General liability insurance serves as a vital shield for an HOA, safeguarding against claims of personal injury and property damage that may arise. This insurance coverage is essential in mitigating the financial risks associated with unforeseen incidents within the community.
The comprehensive set of regulations that govern the community, tailored to the specific type of association, is collectively known as Governing Documents. These encompass state laws, the Declaration of Covenants (CC&Rs), Master Deed Conditions and Restrictions, Bylaws, HOA Rules and Regulations, as well as Plats of Survey and Easement Agreements. These Governing Documents form the legal framework that guides the functioning and management of the community association.
A provision that allows existing homeowners or conditions to be exempt from new rules, regulations, or restrictions that are subsequently implemented.
The established process for homeowners to file complaints, concerns, or grievances with the association, typically involving written submissions and dispute resolution steps.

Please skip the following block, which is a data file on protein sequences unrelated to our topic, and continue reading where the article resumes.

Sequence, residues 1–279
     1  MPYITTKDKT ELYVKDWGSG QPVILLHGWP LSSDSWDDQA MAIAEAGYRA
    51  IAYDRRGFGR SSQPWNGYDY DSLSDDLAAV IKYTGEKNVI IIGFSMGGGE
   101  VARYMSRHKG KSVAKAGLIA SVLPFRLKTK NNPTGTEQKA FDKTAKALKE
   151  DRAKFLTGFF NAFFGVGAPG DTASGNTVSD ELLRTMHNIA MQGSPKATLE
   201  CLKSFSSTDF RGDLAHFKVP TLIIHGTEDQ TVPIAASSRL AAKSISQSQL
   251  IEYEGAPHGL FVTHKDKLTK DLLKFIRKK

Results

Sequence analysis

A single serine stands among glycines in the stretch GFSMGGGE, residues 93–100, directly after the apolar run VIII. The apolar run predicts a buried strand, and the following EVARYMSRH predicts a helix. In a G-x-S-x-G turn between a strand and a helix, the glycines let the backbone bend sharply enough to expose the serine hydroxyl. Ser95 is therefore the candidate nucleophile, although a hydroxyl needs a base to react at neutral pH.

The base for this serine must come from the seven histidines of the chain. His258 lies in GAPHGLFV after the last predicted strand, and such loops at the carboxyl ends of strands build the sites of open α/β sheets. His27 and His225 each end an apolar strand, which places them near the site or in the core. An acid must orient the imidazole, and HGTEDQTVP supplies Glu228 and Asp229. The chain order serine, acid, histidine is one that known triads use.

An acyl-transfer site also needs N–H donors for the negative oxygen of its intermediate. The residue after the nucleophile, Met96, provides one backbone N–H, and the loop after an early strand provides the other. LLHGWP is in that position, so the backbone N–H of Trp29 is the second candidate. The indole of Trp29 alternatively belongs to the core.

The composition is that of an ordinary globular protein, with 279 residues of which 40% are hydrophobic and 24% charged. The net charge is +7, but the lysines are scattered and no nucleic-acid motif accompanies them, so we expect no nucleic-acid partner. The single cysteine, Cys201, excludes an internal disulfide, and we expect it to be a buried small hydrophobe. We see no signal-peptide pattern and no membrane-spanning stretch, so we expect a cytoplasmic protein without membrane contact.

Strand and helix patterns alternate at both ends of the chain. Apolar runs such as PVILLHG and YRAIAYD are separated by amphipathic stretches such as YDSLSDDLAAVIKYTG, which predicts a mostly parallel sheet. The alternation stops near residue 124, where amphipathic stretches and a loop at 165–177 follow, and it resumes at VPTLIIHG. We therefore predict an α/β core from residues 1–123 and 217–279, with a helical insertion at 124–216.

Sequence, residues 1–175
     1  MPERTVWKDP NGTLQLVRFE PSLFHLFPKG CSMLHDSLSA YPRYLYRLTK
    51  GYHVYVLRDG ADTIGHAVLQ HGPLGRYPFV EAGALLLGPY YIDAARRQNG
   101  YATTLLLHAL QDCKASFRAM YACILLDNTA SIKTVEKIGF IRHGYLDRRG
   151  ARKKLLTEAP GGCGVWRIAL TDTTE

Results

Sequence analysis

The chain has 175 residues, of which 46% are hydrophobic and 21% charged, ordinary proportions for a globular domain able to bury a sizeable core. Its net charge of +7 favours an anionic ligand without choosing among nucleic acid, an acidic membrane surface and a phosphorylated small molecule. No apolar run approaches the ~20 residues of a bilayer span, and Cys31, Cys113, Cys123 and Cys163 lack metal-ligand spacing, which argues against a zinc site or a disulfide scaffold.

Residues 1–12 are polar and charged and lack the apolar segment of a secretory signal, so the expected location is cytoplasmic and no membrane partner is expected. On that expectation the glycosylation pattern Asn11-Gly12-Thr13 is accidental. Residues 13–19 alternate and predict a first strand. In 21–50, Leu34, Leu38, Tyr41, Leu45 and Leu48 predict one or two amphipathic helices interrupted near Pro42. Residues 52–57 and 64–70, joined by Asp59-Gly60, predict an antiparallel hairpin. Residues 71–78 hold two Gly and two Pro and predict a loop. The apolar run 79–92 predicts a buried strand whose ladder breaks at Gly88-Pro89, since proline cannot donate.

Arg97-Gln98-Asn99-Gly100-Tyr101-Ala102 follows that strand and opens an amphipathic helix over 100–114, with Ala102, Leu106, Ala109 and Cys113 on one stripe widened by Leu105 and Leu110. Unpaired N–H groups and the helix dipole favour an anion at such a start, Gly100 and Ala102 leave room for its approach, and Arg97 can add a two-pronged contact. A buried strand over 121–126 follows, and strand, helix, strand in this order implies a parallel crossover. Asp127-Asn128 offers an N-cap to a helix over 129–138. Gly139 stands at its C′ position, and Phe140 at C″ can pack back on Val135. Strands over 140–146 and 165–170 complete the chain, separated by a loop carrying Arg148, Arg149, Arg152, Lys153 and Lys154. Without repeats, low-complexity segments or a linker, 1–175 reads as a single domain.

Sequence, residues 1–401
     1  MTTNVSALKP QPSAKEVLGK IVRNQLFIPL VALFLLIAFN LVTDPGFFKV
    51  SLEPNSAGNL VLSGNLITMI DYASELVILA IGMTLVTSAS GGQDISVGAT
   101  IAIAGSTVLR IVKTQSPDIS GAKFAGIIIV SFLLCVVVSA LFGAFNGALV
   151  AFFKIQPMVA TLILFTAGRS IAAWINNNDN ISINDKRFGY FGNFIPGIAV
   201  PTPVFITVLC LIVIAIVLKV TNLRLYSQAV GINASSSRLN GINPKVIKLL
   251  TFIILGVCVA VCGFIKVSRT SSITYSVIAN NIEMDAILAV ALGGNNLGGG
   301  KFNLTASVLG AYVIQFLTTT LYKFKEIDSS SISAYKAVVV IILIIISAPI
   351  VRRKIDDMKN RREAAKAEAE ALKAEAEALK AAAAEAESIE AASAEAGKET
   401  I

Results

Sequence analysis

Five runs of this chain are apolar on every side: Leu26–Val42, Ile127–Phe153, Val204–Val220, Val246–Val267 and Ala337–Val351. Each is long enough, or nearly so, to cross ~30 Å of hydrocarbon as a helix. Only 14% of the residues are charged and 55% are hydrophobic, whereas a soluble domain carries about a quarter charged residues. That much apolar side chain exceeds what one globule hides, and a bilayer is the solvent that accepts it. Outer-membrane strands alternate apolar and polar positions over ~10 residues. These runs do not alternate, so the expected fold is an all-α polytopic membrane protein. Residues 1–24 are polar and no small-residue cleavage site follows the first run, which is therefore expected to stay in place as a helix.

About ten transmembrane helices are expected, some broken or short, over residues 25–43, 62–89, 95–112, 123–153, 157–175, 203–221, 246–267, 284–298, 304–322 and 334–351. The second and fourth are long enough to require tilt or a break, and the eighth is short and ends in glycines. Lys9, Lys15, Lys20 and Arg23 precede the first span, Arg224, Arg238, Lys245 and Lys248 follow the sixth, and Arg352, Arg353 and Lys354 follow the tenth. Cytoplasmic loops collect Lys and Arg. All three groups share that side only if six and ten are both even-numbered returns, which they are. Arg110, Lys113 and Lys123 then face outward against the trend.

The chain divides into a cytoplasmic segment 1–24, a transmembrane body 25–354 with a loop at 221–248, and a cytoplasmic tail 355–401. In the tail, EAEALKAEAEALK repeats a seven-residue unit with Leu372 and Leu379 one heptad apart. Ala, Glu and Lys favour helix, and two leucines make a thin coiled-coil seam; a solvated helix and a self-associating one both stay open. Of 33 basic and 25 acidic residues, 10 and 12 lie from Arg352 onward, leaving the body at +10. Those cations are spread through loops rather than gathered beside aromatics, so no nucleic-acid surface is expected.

HOA Terms & Definitions: H
Homeowners Association or HOA Definition
A homeowners association (HOA) holds the authority to enforce the CC&Rs (Covenants, Conditions & Restrictions) and oversee the management of common areas and amenities within the development. Initially established by a real estate developer, an HOA is formed to develop, manage, and sell homes within a community. Upon the sale of a predetermined number of lots, ownership of the HOA typically transitions to the homeowners. As a voluntary association, an established HOA collaborates to safeguard property values and enhance the neighborhood, often operating as a non-profit corporation governed by state laws.
HOA Management Company
An HOA board frequently engages in the services of a community association management company, commonly referred to as an HOA management company. This professional entity is appointed to provide guidance and support in executing tasks that volunteer board members may find challenging to fulfill effectively.
An HOA member, or Homeowners Association member, refers to an individual who owns property within a community governed by a Homeowners Association (HOA). By virtue of property ownership, individuals automatically become members of the HOA and are subject to its rules, regulations, and financial obligations. HOA members typically have voting rights in the association, allowing them to participate in decisions affecting the community’s management, rules, and major expenditures.
HOA Reserve Study